FIG. 6 is a block diagram showing the various parties and possible message passing between the parties in accordance with one embodiment of the present invention. The parties shown are the vendor or store merchant, a gift giver (information requester) and gift recipient (information granter). In between the parties is a message router that is part of the privacy bank server. A vendor sends out a BIDS which is routed by the message router. The BIDS billing portion is sent to the gift giver and the BIDS shipping information is sent to the gift receiver. Both the gift receiver and gift giver reply with either an Accept or Deny to the BIDS request. The Accept or Deny messages from the parties are then sent to the Vendor. If the gift receiver sends a Deny message, he is indicating that he does not want to share his information with the gift giver. Although it is possible for the gift giver to deny the BIDS shipping request, it is unlikely since he is typically the one requesting the information from the gift receiver. Once the vendor receives the messages, it acts accordingly by either shipping out the goods or sending a message to the gift giver that the BIDS shipping information request was denied.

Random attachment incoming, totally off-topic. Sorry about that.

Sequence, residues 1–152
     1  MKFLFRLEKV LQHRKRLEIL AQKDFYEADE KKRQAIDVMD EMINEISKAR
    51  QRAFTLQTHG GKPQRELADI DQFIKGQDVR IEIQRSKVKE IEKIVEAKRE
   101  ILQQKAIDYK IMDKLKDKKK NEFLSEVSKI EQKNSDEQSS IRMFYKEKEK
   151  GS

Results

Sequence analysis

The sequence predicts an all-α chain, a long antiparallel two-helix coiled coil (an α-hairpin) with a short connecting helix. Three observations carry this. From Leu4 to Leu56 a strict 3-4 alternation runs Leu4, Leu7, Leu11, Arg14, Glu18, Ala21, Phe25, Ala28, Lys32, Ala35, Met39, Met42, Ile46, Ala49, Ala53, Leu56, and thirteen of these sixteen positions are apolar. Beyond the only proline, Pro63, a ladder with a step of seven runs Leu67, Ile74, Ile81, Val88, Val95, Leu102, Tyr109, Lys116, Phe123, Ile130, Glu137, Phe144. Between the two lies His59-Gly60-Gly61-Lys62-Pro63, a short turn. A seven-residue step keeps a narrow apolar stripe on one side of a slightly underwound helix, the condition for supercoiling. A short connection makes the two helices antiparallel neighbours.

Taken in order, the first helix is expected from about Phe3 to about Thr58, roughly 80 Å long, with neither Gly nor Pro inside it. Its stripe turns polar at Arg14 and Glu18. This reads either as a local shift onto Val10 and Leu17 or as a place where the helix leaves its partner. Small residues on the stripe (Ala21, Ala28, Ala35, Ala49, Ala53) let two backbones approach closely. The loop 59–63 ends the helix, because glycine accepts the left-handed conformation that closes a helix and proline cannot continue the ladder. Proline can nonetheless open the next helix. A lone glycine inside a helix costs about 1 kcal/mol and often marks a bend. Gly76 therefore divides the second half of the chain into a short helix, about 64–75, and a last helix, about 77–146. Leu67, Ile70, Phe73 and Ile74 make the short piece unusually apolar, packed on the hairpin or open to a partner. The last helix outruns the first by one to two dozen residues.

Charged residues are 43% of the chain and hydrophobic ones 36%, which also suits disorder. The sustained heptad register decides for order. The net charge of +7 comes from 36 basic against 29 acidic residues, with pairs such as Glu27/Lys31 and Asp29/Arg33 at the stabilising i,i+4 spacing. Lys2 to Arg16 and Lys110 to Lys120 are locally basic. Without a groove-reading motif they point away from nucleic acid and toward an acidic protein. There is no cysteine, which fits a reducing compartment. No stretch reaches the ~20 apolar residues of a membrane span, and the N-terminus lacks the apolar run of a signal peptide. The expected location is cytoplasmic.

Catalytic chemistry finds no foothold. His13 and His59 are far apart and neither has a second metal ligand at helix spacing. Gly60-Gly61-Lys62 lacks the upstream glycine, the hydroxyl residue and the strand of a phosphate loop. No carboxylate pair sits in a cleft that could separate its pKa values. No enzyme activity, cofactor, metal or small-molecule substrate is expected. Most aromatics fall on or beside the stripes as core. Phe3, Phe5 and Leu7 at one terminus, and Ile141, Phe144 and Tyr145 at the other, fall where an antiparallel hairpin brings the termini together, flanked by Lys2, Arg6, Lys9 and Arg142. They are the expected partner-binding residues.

Although the foregoing invention has been described in some detail for purposes of clarity of understanding, it will be apparent that certain changes and modifications may be practiced within the scope of the appended claims. Furthermore, it should be noted that there are alternative ways of implementing both the process and apparatus of the present invention. Accordingly, the present embodiments are to be considered as illustrative and not restrictive, and the invention is not to be limited to the details given herein, but may be modified within the scope and equivalents of the appended claims.

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Classifications
U.S. Classification715/234
International ClassificationG06F15/00, G06F17/00
Cooperative ClassificationG06F17/30867
European ClassificationG06F17/30W1F